Wednesday, 2 October 2013
London, HarperCollins, 2013, 266p
I have been reluctant to finish this book - I wanted it to go on forever. But even the best things must eventually come to an end. I just wish Hadley Freeman was my friend.
Be Awesome is a bold, bright guide to life for intelligent, modern women. Freeman discusses fashion, culture and society, listing her ten favourite books and offering answers to all your dating woes. Her message is to be true to yourself and she gently coaxes you, the reader, to realise you are awesome.
This book is unashamedly feminist. Today, feminism seems to be getting a bad reputation and few women want to associate themselves with this label. As Hadley notes, this is madness. Feminism is about equality: it is about variety and identity. For both men and women, it is about being brave enough to be who you want to be and/or who you are: it is no more about hiding behind gender stereotypes or being ashamed of success than it is about bra burning or acting 'masculine'.
I have often found myself frustrated by some of the issues explored in this book and unable to explain why. If everyone read Be Awesome, they might have a better understanding of some of the things in my head. Like why do women over-analyse dates and relationships, trying to decipher the meanings of their companions every word and action? Why does it matter so much? The important thing is whether you like him, surely? And why do some newspapers simultaneously chastise one celebrity for being too thin whilst another is too fat. And why do so many movies contain nameless, personality-free female characters who only ever chat about men; unless the female is the protagonist, in which case she will only find "happiness" when she settles down to marry and have children in suburbia. Because of course we could never have it all!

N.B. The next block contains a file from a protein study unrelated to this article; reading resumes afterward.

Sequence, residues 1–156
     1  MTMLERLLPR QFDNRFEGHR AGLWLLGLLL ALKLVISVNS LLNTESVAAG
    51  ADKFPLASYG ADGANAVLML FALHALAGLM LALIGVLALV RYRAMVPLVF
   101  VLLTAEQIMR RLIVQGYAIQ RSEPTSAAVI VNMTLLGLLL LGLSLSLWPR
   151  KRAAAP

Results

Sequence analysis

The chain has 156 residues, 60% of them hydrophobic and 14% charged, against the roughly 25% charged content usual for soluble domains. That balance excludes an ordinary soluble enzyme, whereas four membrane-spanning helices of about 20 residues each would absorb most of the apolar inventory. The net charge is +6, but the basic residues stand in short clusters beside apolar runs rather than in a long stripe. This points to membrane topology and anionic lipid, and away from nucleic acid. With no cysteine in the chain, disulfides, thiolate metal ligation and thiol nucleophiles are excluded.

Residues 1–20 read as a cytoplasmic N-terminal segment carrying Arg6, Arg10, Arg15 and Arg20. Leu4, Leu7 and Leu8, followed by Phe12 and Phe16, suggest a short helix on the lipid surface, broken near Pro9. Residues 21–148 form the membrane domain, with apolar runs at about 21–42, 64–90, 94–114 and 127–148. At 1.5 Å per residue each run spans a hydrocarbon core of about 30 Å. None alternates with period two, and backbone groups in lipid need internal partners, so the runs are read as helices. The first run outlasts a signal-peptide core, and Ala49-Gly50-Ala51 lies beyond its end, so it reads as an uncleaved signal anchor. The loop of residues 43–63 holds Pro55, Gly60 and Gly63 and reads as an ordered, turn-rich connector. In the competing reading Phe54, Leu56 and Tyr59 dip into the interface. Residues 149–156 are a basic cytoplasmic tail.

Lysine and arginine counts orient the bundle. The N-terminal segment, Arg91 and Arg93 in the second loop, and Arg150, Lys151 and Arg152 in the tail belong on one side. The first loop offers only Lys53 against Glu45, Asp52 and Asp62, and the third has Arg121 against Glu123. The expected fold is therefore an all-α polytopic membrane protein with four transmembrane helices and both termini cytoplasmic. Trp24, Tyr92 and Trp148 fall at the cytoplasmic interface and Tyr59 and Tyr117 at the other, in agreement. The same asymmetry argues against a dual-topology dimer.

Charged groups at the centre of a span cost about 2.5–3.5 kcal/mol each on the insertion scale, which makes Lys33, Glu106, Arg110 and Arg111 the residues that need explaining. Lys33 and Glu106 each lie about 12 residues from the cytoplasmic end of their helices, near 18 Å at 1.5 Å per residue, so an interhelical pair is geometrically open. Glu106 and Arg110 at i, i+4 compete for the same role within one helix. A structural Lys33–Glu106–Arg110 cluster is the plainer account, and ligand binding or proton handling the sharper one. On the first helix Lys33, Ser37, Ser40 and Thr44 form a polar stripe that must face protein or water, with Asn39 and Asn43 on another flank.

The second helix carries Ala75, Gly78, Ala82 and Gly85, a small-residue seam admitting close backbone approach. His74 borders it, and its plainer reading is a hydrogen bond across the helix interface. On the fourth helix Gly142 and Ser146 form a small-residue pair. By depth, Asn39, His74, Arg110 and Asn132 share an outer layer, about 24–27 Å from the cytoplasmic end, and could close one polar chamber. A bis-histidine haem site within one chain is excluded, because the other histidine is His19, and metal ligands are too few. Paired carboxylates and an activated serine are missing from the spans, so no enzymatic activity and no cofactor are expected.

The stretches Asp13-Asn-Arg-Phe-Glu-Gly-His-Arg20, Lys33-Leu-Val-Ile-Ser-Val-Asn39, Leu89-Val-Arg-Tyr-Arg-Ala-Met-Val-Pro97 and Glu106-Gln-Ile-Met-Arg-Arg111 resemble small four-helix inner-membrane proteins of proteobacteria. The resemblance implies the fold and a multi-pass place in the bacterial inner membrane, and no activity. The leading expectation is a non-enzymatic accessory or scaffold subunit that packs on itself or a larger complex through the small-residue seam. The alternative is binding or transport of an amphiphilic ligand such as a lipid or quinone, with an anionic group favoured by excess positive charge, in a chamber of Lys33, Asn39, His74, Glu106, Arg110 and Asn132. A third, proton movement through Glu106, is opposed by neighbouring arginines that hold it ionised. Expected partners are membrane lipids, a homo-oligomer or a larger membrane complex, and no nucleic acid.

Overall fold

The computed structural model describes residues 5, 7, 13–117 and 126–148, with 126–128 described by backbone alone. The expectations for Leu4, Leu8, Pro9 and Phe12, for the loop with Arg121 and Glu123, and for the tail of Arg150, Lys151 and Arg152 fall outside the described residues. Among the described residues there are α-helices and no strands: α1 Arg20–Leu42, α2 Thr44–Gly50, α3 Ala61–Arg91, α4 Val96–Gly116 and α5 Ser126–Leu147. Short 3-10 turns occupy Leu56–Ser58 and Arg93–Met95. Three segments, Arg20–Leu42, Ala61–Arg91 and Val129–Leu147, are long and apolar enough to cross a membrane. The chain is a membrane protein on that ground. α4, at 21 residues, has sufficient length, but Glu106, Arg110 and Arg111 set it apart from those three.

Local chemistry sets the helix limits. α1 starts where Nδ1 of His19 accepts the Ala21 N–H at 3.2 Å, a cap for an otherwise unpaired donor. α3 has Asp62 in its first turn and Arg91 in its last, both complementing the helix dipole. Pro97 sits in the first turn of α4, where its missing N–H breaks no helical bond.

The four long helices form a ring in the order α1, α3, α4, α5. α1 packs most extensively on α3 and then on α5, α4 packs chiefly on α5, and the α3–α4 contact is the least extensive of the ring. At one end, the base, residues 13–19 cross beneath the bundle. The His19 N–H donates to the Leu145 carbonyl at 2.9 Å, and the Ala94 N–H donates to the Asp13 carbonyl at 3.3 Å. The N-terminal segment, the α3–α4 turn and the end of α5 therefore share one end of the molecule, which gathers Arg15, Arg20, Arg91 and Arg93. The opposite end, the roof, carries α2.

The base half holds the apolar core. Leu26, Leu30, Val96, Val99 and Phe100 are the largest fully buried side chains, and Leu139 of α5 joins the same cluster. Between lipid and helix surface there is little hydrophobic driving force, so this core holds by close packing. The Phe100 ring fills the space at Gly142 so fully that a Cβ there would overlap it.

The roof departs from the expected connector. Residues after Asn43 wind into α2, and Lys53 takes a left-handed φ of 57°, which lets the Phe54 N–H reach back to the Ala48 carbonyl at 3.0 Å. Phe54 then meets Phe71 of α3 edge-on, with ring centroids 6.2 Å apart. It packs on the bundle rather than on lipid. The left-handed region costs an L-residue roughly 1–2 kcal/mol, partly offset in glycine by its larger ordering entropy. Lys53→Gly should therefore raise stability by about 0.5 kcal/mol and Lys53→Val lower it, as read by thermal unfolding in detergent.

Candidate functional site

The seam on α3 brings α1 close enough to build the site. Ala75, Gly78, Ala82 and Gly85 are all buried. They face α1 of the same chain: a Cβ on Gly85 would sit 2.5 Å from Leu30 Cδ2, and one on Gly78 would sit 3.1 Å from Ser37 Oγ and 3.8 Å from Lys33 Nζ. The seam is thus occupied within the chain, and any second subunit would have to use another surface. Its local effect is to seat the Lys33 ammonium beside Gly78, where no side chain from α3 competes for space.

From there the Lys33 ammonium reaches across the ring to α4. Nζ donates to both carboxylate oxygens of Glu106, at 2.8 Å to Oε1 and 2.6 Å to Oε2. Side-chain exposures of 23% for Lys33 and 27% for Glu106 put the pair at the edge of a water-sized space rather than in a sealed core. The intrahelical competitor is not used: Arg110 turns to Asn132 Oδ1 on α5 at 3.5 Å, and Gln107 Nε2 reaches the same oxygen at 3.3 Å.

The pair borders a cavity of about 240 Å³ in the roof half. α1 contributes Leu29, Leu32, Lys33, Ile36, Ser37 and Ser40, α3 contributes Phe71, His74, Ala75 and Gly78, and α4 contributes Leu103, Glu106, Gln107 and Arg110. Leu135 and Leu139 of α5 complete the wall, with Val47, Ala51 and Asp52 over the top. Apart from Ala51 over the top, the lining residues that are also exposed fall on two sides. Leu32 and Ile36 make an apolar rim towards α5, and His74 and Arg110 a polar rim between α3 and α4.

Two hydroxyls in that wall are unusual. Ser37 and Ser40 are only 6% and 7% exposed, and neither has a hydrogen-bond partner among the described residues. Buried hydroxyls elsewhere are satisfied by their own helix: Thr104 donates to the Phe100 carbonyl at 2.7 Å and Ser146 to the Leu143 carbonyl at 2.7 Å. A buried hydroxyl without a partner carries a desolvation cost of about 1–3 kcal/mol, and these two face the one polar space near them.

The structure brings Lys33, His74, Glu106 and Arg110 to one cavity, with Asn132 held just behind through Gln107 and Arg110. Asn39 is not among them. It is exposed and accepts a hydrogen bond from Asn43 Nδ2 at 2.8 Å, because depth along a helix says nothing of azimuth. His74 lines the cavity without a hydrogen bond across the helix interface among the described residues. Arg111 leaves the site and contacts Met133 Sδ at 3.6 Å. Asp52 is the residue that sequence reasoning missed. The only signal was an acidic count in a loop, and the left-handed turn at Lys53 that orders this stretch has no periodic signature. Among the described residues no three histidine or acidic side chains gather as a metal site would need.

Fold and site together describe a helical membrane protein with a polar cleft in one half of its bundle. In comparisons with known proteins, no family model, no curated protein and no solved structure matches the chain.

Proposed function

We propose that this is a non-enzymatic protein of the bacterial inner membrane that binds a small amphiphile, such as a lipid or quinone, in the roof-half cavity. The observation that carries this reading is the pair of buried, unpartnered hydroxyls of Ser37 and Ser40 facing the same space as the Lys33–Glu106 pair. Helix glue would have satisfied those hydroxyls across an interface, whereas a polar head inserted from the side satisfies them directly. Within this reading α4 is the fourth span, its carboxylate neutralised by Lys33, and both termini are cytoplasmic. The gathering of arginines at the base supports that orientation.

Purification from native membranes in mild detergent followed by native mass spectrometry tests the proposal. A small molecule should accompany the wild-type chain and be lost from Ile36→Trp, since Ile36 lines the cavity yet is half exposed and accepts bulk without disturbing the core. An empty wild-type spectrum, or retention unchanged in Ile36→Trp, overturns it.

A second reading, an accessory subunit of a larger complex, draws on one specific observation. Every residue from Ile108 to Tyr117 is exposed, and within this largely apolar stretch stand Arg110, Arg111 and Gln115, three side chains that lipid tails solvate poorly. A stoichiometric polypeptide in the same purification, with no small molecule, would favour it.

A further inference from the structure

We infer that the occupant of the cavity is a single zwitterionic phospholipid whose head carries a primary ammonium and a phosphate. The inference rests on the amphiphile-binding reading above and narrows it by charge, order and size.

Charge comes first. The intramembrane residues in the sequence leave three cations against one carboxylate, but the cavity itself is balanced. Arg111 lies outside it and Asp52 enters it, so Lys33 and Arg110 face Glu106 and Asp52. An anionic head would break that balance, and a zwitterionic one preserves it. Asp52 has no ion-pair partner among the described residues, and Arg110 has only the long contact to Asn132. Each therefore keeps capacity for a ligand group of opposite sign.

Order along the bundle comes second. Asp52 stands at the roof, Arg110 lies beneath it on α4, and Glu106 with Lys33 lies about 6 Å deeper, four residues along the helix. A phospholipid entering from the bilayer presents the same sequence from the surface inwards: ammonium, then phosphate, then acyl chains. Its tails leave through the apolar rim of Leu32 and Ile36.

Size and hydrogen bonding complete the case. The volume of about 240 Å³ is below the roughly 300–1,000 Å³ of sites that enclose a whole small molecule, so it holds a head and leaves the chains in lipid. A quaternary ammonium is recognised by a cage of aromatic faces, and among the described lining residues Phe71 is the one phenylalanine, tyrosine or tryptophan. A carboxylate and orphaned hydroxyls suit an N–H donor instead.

There is so much to admire about this book and it's author: from the witty tone to the intelligent approach to every tiny detail. It is honest and observant, and I found it perfectly expresses so many of issues I struggle to articulate, including why Persuasion is one of the best novels ever written.
Also, there are references to The Princess Bride throughout - who doesn't love the Dread Pirate Roberts?
This blog post is preemptively dedicated to all the people to whom I will recommend this book for the rest of my life, starting with award-winning Esme.